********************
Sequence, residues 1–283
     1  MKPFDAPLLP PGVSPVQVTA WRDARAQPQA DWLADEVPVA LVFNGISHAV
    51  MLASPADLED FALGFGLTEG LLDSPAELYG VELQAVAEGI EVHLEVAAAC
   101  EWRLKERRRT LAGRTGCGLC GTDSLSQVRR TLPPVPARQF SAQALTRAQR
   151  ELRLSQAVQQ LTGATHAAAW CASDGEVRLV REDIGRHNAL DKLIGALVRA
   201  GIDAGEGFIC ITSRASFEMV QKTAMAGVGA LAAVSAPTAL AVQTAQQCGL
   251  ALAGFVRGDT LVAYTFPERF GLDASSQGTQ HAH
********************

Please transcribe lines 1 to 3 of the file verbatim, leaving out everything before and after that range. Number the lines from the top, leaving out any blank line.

Sequence, residues 1–283
     1  MKPFDAPLLP PGVSPVQVTA WRDARAQPQA DWLADEVPVA LVFNGISHAV
    51  MLASPADLED FALGFGLTEG LLDSPAELYG VELQAVAEGI EVHLEVAAAC